The sapphires belong the corundum group (which includes rubies) and which is characterised by their excellent hardness, whilst the high refractive index of 1.76 guarantees spectacular fire in well-cut, high quality examples. Mined for the past 3,500 years in Myanmar they have a long history, rising to prominence during the Roman Empire.
The gemstones in the corundum group consist of pure aluminium oxide that crystallized into gemstones as a result of pressure and heat at great depth. The presence of small amounts of other elements, especially iron and chrome, are responsible for the colouring, turning a crystal that was basically white into a blue, red, yellow, pink or greenish sapphire.
Most blue sapphires show inclusions or uneven colour distribution. Like rubies, high quality sapphires show fine, hair-like inclusions of rutile, called silk, that do not interfere with the transparency of faceted gems. The finest sapphires, though not as valuable as comparable rubies, are still extremely valuable in sizes of over 10 carats. Of all the colours, the top-grade blue sapphires are the most valuable, followed closely by the orange-pink padparadscha. Connoisseurs regard the Kashmir colour with its velvety shine as the most beautiful, and most valuable, blue. Due to traces of iron and titanium this is typically a pure, intense blue with a very subtle violet undertone, intensified with a fine, silky shine. Prices for Kashmir blues, in sizes over 20 carats, have exceeded USD130,000 per carat.
However, the Burmese colour is also regarded as particularly valuable. It ranges from a rich, full royal blue to a deep cornflower blue. The oldest sapphire finds are in Sri Lanka and it remains an important source of supply, together with Cambodia, Madagascar, Tajikistan and Thailand.
Cutting sapphires is especially challenging. Not only is the stone extremely hard but, depending on the viewing angle, they also have different colour and intensities. The cutting process has to orientate the raw crystals in such a way that the colour is brought out to its best advantage. The bright light of day makes most sapphires shine more vividly than the more subdued artificial light of evening. So in fact it is not, as is often claimed, the darkest tone that is the most coveted colour of the blue sapphire, but an intense, rich, full blue that still looks blue in a poor artificial light.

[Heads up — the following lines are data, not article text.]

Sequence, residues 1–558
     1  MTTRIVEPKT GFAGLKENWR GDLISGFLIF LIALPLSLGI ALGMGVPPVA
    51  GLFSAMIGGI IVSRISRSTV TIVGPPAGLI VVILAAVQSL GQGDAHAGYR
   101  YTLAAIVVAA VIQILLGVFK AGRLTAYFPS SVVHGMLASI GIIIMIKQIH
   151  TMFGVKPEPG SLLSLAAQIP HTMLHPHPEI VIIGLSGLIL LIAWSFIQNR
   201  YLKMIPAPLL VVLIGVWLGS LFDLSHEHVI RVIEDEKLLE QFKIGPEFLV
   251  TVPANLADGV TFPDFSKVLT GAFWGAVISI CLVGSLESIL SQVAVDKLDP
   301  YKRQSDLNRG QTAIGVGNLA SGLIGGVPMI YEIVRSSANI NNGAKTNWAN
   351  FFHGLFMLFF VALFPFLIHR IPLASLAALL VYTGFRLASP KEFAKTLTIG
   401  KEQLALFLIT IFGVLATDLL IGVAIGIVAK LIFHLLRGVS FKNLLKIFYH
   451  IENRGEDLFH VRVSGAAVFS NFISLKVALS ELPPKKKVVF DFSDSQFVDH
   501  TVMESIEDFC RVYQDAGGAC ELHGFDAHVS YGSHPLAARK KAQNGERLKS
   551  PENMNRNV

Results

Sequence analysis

Heat treatment of blue sapphires is now a widespread practice that renders untreated sapphires all the more valuable. The blue colour can be enhanced with properly applied heat that rearranges the atoms of the gemstones. Very dark blue colour can be lightened at 1,200 degrees C for a few minutes whilst more opaque or unevenly coloured sapphire can also be improved.
The star sapphires are another rarity, half-dome-cut sapphires with a star-like light effect that seems to glide across the surface of the stone when it is moved. Star rubies and sapphires show a bright six-legged star in the dome of their cabochon. The stars, like the eye of cat’s-eye, are formed by light reflecting off tiny inclusions in the stone.
According to market research, blue is the favorite colour of some fifty per cent of both men and women. No doubt this underpins both the demand for high quality sapphires and the prices that are now being reached for fine, untreated examples. At Damian By Mischelle we confess to having a particular weakness for this stunning stone, both in our private collection as well as in the pieces on offer to our clients. We have a number of rings and necklaces set with 10 carat to 30 carat blue sapphires. Our supply network also brings us some particularly fine examples that include white, green, yellow and occasionally pink.